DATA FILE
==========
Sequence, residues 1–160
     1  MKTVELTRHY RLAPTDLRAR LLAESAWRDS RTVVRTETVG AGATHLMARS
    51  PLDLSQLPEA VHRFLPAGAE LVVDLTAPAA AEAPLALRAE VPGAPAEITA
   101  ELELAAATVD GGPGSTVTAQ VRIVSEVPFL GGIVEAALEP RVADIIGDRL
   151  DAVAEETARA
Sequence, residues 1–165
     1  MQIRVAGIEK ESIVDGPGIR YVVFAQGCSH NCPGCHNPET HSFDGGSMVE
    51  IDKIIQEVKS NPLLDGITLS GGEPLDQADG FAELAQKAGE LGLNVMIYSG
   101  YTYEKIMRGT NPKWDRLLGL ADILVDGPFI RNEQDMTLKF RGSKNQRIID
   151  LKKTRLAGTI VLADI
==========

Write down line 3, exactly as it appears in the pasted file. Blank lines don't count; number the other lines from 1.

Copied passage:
    51  PLDLSQLPEA VHRFLPAGAE LVVDLTAPAA AEAPLALRAE VPGAPAEITA